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CTV Kitchener celebrates its 70th anniversary


A very special celebration is happening at CTV Kitchener!

The station, formerly known as CKCO, first hit the airwaves on March 1, 1954.

To mark our 70th anniversary, we’re looking back at the history of CTV Kitchener. That includes the shows our viewers grew up watching, the people you welcomed on your TVs every night, our special event coverage and the biggest stories impacting our community over the last seven decades.

Alexandra Pinto, Will Aiello and Daryl Morris holding the CTV letters. (March 1, 2024)

Remembering CKCO/CTV Kitchener

“Good evening, ladies and gentlemen and welcome to the opening ceremonies of our Kitchener-Waterloo television station,” said Winston Barron, kicking off the first CKCO-TV broadcast on channel 13.

MORE: The history behind CKCO and our old studios

In the years since its debut, CKCO aired a wide variety of community-based entertainment and news programs. Shows ranged from cooking, bowling, dancing, polka music, to children’s programming and more.

Take a trip down memory lane by checking out our photo gallery here.

You can also get a look behind the cameras during the production of our 70th anniversary show.

Courtesy: Laverne McGee

Locally-produced programming

Since the station’s beginnings, CKCO-TV has been home to dozens of daily, weekly and annual productions.

You can’t mention the most popular productions without mentioning the pioneers that started it all – from Violet Scriver’s ‘Come Into the Kitchen’ to ‘The Elaine Cole Show.’

Many of the programs were filmed live in our studios and featured a studio audience. A generation of kids grew up with Big Al, as well as the Romper Room franchise, which CKCO produced from 1963 to 1992.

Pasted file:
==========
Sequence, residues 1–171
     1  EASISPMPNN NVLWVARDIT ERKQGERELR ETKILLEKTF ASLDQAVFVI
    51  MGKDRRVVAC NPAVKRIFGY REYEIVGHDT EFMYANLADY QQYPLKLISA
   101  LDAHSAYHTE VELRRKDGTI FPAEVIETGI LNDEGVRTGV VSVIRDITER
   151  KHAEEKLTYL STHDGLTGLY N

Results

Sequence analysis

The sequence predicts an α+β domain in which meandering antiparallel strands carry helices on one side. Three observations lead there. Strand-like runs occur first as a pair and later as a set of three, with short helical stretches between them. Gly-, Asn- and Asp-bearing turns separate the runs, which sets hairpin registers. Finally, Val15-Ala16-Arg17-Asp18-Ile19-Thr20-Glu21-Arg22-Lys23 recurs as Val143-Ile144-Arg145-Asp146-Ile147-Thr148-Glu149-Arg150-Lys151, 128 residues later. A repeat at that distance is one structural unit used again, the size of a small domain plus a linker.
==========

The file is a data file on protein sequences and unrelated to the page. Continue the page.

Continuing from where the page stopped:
Miss Fran was the longest-serving Romper Room teacher in North America, who could often be seen with her magic mirror.

The interactive songs and sketches on Camp Cariboo also inspired many children. The show grew out of the summer camping experiences of Tom Knowlton and Mark Baldwin. The show ran for five seasons and received national television awards along the way.

Tom Knowlton, wearing his Camp Caribou hat, during a visit to the CTV Kitchener studio. (Spencer Turcotte/CTV Kitchener)

When Camp Cariboo ended, Knowlton continued to contribute to the stations programming. He eventually became the final host of Bowling for Dollars, where people won cash based on how well they bowled.

Provincewide first aired in 1985. It went on to become the longest, continuously-running locally-produced news and current affairs program in Canada. Over the course of three decades, the award-winning show featured interviews with everyone from politicians to celebrities.